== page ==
Mueller Cites Danger of Lax Cybersecurity

Robert Mueller, former director of the Federal Bureau of Investigation, during a Bloomberg Government cybersecurity conference in Washington, D.C., on June 3, 2014.

Photographer: Andrew Harrer/Bloomberg

Robert Mueller, former director of the Federal Bureau of Investigation, during a Bloomberg Government cybersecurity conference in Washington, D.C., on June 3, 2014.

Business leaders and top government officials must take ownership of cybersecurity and avoid the delegating the issue to subordinates — otherwise, they risk being unprepared for a computer crisis or data breach, says former FBI Director Robert S. Mueller III.

In a rare public appearance for the former director of the Federal Bureau of Investigation, Mueller said today that chief executives, in particular, must personally recognize “the depths of the challenges and how swiftly a cyber-attack can cut your reputation down.”

“Not anticipating — not knowing this arena” is dangerous, Mueller said. “Too few senior management know and understand that particular issue, and, secondly, are uncertain as to how you address it.”

Speaking at a cybersecurity conference organized by Bloomberg Government today in Washington, Mueller added that he made a similar mistake when the FBI upgraded its case management system.

“I didn’t ask the hard questions,” he said. “You delegate that and they tell you what’s going to happen is going to happen. It doesn’t happen. And you look back down and you reflect and say I delegated an area where I should have been personally involved.” After years-long delays, the system eventually became operational in 2012.”

Mueller, who served as FBI director from September 2001 through September of last year and is now a partner at the law firm WilmerHale, added that one reason chief executives must understand technology is so they can react quickly to breaches to protect their companies’ reputations. Too often, they are more worried about lawsuits than repairing their image.

“The litigation is not as important as the reputational damage, the degree that your — that somebody has products or — or sells things. And the reputational damage can way outweigh any considerations related to the inevitable litigation that will come down the pike,” he said.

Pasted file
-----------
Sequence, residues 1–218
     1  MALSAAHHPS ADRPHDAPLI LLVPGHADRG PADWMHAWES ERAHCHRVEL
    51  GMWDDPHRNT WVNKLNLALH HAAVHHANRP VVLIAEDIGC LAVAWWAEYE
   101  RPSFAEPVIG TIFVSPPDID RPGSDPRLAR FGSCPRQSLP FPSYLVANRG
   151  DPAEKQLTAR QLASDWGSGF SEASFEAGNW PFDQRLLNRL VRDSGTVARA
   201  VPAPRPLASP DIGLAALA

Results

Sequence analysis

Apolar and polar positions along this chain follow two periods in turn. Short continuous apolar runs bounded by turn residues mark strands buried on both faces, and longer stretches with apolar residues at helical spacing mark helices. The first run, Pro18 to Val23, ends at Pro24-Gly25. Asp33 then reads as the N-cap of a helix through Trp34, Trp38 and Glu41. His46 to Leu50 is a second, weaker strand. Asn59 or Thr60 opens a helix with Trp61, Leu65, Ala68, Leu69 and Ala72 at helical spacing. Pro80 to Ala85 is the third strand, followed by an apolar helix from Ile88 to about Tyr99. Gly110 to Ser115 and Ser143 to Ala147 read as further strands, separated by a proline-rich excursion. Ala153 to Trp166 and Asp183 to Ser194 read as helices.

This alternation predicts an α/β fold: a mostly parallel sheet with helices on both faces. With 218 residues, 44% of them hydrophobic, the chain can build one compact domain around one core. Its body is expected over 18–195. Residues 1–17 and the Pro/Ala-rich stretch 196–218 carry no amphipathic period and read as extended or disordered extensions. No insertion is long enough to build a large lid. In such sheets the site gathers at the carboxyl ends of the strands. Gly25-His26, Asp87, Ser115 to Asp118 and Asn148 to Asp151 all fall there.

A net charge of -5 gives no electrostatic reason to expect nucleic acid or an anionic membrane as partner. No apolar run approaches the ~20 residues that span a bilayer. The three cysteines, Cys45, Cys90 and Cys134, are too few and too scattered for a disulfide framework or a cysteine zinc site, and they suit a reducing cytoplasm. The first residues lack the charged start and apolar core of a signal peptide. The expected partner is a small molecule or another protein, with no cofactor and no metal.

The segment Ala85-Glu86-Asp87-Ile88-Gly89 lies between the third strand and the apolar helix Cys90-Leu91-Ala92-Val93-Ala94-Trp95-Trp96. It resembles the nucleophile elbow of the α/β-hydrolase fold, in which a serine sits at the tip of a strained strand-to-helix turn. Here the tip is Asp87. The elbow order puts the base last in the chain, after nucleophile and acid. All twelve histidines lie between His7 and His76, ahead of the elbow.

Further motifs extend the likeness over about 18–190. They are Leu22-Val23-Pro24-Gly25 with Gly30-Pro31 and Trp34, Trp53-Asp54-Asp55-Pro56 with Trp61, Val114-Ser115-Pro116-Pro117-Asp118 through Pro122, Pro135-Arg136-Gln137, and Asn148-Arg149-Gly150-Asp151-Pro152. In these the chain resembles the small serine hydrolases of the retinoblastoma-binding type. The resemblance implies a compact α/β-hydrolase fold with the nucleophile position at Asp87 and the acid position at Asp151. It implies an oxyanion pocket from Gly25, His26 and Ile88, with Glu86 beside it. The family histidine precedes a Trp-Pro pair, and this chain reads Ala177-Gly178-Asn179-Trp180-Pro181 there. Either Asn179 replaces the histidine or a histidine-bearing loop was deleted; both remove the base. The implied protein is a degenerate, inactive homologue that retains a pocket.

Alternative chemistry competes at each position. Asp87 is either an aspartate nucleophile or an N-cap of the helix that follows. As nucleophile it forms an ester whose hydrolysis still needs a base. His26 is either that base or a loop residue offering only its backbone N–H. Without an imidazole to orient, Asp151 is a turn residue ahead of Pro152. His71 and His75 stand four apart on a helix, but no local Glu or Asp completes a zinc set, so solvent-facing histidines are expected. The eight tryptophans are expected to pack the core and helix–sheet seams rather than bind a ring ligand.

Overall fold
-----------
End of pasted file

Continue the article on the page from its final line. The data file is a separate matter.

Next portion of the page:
He added that companies must be as concerned about internal threats as well as those posed by hackers overseas. Citing former contractor Edward Snowden’s collection and dissemination of computer files from the National Security Agency, Mueller said companies must address how to handle a “disgruntled employee who has admin rights and who is unhappy and who then can do the damage from within.”

One way to better confront cyber-threats, Mueller said, is to work on better collaboration between the federal government and private sector. He said the government is properly sharing information within its components.

However, he said, “the business community needs to do a better job coming up with vehicles for sharing intelligence amongst themselves, but also sharing that intelligence with the federal government.”

“If the legislation that is contemplated up on the Hill, which gives a safe harbor to companies providing information to the federal government relating to breaches and the like passes, that would be tremendously helpful,” he said.

Concerned that companies were not sharing enough of that information about hacking because they were worried about getting into trouble with antitrust enforcers, the Justice Department in April issued a statement that providing details about cyber-threats would not get them in trouble with regulators or prosecutors.

“They can protect their intellectual property and still turn over the information that’s necessary to determine what’s a piece of malware that was recently used,” Mueller said.


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